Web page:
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Accepting heroin addiction and the road to recovery

First and foremost, let’s define heroin as a drug.

Heroin is made from morphine, which is extracted from the opium poppy. When made into heroin to be used as a medicine, the morphine extraction becomes known as diamorphine.

Abusers often use heroin to help achieve a state of extreme relaxation, and often administer the drug by injecting, sniffing, snorting or smoking.

The number of heroin-related deaths recorded in England and Wales more than doubled from 579 in 2012 to 1,209 in 2016, the single highest drug-related death figure – proving exactly how dangerous heroin addiction is.

People can become addicted to heroin extremely quickly, sometimes after the very first dose.

Understanding heroin addiction

It is essential to understand what heroin addicts go through in the early stages. The speed in which heroin enters the brain is what makes it so addictive. So much so, in fact, that users can become hooked after a single dose.

In the short-term, users can experience a feeling of euphoria, reduced anxiety and clouded thinking followed by drowsiness. However, heroin also depresses breathing muscles, which can make overdosing fatal.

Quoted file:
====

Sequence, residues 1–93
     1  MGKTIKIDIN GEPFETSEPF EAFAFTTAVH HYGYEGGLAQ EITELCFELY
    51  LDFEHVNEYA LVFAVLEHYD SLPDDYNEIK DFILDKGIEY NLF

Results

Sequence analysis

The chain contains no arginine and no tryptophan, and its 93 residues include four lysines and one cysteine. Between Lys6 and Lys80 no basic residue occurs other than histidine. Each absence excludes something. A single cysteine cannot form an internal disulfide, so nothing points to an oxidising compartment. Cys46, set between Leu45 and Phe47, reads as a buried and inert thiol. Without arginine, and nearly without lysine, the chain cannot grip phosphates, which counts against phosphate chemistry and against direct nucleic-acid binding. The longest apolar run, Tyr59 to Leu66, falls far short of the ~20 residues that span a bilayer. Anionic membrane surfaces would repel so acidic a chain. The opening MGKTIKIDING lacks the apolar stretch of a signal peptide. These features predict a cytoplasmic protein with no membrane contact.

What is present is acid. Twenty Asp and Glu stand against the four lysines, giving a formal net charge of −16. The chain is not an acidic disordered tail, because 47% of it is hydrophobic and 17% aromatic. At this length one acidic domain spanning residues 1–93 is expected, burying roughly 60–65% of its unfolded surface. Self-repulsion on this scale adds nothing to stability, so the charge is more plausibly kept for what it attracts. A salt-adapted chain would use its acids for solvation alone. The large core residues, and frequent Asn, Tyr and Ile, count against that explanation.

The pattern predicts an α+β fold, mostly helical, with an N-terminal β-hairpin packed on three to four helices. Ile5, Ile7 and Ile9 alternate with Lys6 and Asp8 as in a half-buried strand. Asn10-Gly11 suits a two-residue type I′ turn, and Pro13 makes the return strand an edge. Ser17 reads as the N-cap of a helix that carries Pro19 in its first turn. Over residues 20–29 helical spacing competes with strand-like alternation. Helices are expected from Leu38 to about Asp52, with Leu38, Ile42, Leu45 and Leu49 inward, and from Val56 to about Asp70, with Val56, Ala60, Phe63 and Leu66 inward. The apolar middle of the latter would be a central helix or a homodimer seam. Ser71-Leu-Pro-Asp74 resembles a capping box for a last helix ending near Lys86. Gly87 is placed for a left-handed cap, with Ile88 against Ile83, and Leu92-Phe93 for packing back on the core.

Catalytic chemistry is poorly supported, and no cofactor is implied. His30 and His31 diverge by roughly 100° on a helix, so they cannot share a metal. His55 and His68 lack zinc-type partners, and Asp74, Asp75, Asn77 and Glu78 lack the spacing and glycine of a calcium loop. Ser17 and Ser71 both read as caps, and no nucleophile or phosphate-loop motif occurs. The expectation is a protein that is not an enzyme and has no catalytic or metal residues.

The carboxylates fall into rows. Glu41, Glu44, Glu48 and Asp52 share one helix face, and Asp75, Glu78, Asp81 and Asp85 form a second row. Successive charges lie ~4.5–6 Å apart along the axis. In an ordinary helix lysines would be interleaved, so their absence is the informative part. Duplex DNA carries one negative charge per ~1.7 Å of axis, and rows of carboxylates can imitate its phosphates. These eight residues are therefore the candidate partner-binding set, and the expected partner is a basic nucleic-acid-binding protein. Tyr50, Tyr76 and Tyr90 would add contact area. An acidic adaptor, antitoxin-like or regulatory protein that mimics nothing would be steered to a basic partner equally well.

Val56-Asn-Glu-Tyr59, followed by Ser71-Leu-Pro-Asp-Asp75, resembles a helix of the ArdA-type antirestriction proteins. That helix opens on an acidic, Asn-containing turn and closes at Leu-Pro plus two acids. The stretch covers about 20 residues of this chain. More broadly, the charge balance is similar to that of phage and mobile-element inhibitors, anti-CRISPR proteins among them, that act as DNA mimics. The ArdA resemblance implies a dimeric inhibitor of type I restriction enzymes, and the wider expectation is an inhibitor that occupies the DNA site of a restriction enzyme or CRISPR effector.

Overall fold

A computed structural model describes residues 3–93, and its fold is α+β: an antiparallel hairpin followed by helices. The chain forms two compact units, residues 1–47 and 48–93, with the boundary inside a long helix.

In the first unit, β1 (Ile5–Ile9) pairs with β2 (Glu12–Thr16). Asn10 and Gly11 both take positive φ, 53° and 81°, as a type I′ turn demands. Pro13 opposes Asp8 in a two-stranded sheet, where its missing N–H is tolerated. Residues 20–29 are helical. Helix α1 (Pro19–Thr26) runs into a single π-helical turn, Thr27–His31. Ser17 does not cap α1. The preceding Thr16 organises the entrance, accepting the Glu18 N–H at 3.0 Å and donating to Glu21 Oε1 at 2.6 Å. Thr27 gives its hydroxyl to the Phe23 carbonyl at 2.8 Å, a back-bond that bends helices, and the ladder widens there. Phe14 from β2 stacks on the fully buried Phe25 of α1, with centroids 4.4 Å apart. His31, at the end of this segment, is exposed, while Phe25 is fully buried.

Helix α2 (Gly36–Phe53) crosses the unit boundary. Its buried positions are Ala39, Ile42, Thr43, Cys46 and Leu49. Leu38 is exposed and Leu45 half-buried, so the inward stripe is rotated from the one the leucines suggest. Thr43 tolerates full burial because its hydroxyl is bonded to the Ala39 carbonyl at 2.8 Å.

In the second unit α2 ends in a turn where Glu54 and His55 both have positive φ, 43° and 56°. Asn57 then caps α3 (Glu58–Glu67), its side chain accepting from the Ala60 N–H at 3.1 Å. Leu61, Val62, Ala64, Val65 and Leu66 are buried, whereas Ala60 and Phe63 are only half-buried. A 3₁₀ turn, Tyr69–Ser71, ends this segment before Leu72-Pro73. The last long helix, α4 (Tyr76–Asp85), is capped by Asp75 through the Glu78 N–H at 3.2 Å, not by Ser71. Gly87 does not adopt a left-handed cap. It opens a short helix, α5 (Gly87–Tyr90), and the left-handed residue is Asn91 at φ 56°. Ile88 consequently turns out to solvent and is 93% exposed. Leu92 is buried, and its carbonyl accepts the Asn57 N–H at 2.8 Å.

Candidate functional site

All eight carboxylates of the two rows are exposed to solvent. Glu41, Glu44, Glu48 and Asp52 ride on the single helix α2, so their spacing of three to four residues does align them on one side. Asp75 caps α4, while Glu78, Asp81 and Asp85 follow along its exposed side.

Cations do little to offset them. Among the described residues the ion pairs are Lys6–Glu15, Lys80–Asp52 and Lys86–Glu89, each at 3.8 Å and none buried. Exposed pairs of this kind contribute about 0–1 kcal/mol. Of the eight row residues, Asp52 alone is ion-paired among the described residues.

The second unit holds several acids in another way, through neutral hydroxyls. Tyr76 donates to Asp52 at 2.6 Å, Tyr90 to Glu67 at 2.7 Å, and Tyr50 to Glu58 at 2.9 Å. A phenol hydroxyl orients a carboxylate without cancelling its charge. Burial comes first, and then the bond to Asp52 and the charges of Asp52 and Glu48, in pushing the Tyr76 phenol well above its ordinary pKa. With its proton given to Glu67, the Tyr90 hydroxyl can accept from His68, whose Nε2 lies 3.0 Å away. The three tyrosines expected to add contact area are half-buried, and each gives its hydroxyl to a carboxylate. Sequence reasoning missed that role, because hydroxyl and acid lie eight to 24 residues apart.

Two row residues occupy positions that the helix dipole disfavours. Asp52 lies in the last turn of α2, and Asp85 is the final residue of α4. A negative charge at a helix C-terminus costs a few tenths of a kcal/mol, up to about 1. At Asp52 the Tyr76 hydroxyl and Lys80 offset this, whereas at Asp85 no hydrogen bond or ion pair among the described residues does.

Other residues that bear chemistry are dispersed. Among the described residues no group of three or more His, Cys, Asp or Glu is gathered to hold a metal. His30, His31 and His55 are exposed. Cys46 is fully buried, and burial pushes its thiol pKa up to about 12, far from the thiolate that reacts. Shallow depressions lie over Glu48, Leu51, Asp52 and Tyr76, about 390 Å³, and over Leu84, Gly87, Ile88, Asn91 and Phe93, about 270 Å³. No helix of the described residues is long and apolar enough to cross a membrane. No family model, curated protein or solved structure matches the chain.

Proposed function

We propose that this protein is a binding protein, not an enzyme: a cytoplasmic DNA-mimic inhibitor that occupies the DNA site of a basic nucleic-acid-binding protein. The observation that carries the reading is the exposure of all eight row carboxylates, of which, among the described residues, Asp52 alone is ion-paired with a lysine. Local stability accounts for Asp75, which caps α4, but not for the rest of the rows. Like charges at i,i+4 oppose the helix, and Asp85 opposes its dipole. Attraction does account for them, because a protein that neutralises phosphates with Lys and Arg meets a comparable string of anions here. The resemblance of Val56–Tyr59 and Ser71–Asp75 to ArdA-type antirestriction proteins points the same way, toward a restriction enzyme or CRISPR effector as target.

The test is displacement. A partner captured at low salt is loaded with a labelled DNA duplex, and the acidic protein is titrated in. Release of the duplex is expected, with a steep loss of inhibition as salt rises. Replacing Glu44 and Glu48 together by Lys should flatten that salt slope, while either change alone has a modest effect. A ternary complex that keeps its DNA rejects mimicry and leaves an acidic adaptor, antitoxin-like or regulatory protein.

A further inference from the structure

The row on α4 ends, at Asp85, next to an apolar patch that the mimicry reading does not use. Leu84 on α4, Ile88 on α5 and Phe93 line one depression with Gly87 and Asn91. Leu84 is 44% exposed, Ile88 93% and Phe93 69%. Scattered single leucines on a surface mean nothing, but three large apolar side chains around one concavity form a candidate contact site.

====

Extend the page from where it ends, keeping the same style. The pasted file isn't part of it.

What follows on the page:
So why do people try heroin in the first place? Often times, it begins as a curiosity with those who are looking for a new high. It is unlikely that someone who has never used drugs before will start off with heroin. Drugs like marijuana and cocaine are gateway drugs to heroin use. However, people can turn to heroin as a way of relieving body aches and pains in a matter of seconds. In addition, that very pain is replaced with a feeling of euphoria.

As is the case with most things in life – if something sounds too good to be true, it usually is. In a heart-breaking account of a real-life struggle with heroin abuse, read this mother’s account of losing her son to heroin.

Heroin is one of the most difficult addictions to recover from because it is both physically and psychologically addicting, which makes withdrawal particularly intense. But remember, recovery is possible.

Heroin addiction symptoms and side effects

While previous drug abusers may be able to conceal symptoms at first, those closest to them will likely soon spot the below signs associated with drug use:

  • Shortness of breath
  • Constricted pupils